Timothy Garton Ash has written an ambitious book about the future of the west. But he is too sanguine about EU-US relations and will not accept that Britain does, sometimes, have to choose between themby Charles Grant / September 26, 2004 / Leave a comment
Published in September 2004 issue of Prospect Magazine
At his best, Timothy Garton Ash is the closest we have to a George Orwell in today’s Britain. Like Orwell, he shuns jargon, dressing up common sense in elegant prose. And like Orwell, he is unabashed about taking the kind of moral stance that the cynical will smirk at – in his new book, he urges readers to donate 1 per cent of their income to poverty reduction in poor countries.
Unlike Garton Ash, Orwell was a waspish member of the awkward squad and inclined to pessimism. Garton Ash – at least in his bold and ambitious new book – is an optimist. Free World: What the Crisis of the West Reveals about the Opportunity of our Time is about the spread of freedom. No neoliberal, Garton Ash defines “freedom” as freedom from want as well as freedom from oppression. He reckons that about 1bn people out of 6bn in the world are free, and wants the current free world to work for the creation of a completely free world. Given the rise of China, India and other places, he believes that Europe and the US have about 20 years in which to shape history. He says we should call the free world the “post-west,” given that its reach extends far beyond Europe and the US.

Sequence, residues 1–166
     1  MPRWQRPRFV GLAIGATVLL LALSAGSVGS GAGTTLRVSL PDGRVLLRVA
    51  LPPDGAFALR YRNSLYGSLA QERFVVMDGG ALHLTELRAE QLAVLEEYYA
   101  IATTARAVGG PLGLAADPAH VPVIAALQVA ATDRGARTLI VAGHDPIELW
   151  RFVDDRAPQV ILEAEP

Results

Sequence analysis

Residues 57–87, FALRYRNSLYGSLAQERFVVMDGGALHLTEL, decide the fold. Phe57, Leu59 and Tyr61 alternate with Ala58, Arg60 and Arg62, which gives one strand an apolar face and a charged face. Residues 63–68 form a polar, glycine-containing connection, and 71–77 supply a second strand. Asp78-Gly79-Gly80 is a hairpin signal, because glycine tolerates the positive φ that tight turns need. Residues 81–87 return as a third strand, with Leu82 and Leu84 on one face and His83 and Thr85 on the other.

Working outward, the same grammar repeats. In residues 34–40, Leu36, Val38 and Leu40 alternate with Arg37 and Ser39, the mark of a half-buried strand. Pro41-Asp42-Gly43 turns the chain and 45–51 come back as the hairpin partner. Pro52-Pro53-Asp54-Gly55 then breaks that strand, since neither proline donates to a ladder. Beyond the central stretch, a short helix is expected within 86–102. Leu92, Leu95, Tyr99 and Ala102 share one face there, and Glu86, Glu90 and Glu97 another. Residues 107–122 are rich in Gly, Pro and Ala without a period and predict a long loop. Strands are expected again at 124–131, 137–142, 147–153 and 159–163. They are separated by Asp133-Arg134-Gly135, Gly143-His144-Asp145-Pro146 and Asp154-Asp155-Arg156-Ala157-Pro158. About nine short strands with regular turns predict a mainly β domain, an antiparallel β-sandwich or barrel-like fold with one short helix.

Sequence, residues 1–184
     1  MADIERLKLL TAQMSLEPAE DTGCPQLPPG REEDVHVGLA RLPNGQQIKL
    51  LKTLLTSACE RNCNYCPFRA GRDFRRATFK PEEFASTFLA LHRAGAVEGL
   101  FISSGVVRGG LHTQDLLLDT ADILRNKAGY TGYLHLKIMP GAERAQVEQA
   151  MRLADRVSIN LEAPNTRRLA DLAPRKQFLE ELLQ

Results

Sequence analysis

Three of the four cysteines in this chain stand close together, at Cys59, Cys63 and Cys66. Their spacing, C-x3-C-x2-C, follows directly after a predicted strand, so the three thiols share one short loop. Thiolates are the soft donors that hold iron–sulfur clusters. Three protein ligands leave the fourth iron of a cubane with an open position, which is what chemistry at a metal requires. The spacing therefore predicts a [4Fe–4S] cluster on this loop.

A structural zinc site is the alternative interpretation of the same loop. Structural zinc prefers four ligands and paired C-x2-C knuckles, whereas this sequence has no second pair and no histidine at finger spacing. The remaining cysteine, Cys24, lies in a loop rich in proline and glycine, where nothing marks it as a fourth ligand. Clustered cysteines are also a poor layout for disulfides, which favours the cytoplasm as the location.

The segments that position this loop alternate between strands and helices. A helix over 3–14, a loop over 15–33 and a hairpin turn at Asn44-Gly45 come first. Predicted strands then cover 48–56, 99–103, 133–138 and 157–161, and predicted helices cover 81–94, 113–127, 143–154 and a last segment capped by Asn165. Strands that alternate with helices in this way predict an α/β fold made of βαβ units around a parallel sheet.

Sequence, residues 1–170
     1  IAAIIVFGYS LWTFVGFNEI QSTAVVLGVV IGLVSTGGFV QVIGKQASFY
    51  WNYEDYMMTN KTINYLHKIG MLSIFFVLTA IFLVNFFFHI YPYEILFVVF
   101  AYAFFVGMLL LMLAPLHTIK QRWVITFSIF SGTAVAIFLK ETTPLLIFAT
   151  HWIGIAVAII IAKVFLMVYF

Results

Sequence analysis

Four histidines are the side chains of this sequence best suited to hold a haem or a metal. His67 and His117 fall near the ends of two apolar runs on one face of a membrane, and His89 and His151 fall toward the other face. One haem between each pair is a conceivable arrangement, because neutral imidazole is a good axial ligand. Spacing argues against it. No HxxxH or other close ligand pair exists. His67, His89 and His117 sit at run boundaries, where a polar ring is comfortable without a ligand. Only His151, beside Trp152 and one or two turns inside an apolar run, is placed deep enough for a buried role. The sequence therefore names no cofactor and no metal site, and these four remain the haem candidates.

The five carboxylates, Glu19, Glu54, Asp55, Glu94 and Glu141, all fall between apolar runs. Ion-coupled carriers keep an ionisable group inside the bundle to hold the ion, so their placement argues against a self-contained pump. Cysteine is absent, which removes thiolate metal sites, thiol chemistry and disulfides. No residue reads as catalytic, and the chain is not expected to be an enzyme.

Garton Ash is known for his expertise on Europe, especially its eastern half, but this book impresses through its breadth. He finds pertinent things to say about global warming, poverty in developing countries and the risks of war in Asia. The book’s weakness may be excessive optimism about the prospect of the EU and the US being able to work together to tackle these problems.
Garton Ash believes, like Tony Blair – whom he admires, though not uncritically – that Britain has a special role to play in forging transatlantic co-operation. He makes much of the confused identity of what he calls “Janus-Britain.” He argues convincingly that, in contrast to comparable countries, Britain has no national consensus on what kind of country it is, and where it would like to be. He thinks that Britain presents four faces to the world (the classical god Janus had a mere two), and that behind each of them lies a competing national story.